A group of seven asymmetrical buildings with sci-fi names like Nanos and Proteos, all connected by transparent sky bridges, Biopolis is meant to be a self-enclosed science city, housing government research institutes, biotech start-ups and global drug companies. At the ground level, researchers from some 50 countries meet and mingle over spicy laksa noodles, Philly cheesesteaks and German beer, discussing projects in English, the most widely spoken language in the multiethnic city. Inside, the well-stocked labs positively gleam. Ng Huck Hui, a team leader at the Genome Institute of Singapore, points to an expensive array of semiconductors. "We bought that three years ago, so by our standards it's pretty old," he says. "Might be time to get a new one." Says Lane, the Edinburgh expat who moved to Singapore in 2004 to head the Institute of Molecular and Cell Biology: "The funding here is extremely good. You're in scientific heaven."

And it's only getting better. Late last year the government launched the Singapore Stem Cell Consortium, chaired by Cambridge University--based stem-cell scientist Roger Pederson, which will set aside $45 million for research in the field over the next three years. Money also comes from university grants and offshore organizations like the U.S.-based Juvenile Diabetes Research Foundation. The diabetes group has helped fund biotech start-up ES Cell International (ESI), home to Briton--and now Singapore resident--Alan Colman, who was part of the British team that cloned Dolly the sheep in 1996. ESI manufactures its own embryonic-stem-cell lines and is working on shaping those cells into insulin-producing pancreatic tissue and cardiac muscle, which could be given to patients suffering from diabetes or heart disease. It's exactly the kind of potentially profitable research Singapore wants, and the company hopes to begin clinical trials next year. As with most stem-cell work at Biopolis, the focus at ESI is on building a broad business. Rather than designing patient-specific stem cells, grown from the very people who would later use them, ESI wants to create an inventory of more generalized cells that could be matched to a population of patients--the stem-cell equivalent of a blood bank.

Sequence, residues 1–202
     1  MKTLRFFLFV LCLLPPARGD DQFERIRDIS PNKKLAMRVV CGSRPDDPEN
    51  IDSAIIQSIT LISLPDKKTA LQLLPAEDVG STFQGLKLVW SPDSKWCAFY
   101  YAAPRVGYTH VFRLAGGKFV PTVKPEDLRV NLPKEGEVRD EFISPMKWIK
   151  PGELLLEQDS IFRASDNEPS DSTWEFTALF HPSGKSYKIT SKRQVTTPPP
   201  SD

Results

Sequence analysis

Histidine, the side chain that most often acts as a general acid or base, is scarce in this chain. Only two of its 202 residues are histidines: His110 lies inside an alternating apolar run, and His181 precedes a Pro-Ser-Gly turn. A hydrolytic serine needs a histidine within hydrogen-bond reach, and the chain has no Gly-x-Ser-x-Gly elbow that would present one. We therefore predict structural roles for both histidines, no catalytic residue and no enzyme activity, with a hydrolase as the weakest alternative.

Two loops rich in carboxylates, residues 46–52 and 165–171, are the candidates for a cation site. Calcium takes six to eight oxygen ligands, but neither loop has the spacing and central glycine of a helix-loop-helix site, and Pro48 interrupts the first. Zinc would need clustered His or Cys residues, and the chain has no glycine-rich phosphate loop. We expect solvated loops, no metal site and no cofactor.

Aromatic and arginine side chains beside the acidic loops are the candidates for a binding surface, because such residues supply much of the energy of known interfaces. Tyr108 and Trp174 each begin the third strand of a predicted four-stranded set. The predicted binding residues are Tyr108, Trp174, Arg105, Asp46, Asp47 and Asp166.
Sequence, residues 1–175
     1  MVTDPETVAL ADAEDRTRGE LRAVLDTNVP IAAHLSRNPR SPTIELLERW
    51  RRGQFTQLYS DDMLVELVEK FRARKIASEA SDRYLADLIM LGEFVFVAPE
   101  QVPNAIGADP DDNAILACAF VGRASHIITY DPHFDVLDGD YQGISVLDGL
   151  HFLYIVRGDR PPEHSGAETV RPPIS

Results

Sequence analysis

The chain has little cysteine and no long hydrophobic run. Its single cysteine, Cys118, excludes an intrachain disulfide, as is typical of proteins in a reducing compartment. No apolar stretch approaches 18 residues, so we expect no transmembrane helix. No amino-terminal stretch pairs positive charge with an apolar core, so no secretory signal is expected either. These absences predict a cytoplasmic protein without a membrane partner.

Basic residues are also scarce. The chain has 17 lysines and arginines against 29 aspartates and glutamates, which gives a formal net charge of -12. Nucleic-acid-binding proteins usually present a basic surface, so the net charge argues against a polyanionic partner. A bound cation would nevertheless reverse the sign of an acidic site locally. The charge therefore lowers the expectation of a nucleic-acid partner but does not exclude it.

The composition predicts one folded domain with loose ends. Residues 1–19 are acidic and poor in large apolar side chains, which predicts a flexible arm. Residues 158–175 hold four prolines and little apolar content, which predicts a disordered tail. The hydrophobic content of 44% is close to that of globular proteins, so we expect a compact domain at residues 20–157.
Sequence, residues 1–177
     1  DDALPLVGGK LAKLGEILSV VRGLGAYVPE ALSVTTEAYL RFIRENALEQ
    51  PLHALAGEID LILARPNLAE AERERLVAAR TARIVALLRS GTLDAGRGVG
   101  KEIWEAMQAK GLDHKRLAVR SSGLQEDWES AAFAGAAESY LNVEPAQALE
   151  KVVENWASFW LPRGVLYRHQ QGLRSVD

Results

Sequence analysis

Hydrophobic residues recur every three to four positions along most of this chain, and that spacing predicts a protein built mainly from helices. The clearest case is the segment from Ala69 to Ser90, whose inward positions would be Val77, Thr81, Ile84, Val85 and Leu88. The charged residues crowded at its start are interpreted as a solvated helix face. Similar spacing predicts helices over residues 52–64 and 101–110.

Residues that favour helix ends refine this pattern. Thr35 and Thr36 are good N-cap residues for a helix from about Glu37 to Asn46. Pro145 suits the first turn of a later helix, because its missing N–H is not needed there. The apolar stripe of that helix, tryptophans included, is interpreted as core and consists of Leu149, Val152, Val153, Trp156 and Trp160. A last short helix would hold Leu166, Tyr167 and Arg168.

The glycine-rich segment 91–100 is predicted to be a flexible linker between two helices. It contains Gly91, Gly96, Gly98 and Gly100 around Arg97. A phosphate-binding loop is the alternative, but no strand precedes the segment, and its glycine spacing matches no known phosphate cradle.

"I think Singapore punches well above its weight in this area," says Colman. "That's why I'm here." Another reason is Singapore's liberal regulations, which allow stem cells to be cultured from embryos up to 14 days old, although reproductive cloning is strictly illegal.

Given its small size, Singapore will never really threaten the U.S.'s overall biomedical muscle, nor is it trying to. But it's impossible to witness the buzz at Biopolis or meet scientists who have chosen Southeast Asia over Stanford and not wonder how much the U.S. could achieve in stem-cell research if it were as science mad as this city-state of 4.4 million. For all the hundreds of millions of dollars Singapore has devoted to high-tech lab equipment and recruiting top scientists from around the world, it is spending just as much to educate a homegrown core of young Singaporean scientists to continue the work. Until they come of age, Yeo will be just as happy to come shopping for talent in the U.S. And as long as the stem-cell debate stumbles on in the U.S., American scientists will be just as happy to go.
link

not entirely sure if the link will work, as I have acess to the Time Archives since I have a subscription. This isn't necasarilly new news, but it's only one or two issues back so I would find it suprising they would have restricted access to the article. Granted, so long as you trust I'm not lying I can look up whatever topics on Time Magazine you want.
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sord



Joined: 31 Dec 2005
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Location: U.S. MO

PostPosted: Tue Aug 15, 2006 10:40 am    Post subject: Reply with quote

sord wrote:
I guess what I'm trying to say is that no matter what we apply to this topic, it shouldn't be given to heavily a status on reality until our reality is more closely parralell to that of the stories. Granted, that shouldn't deter any of you from trying to figure it out anyways for the sake of the GitS universe.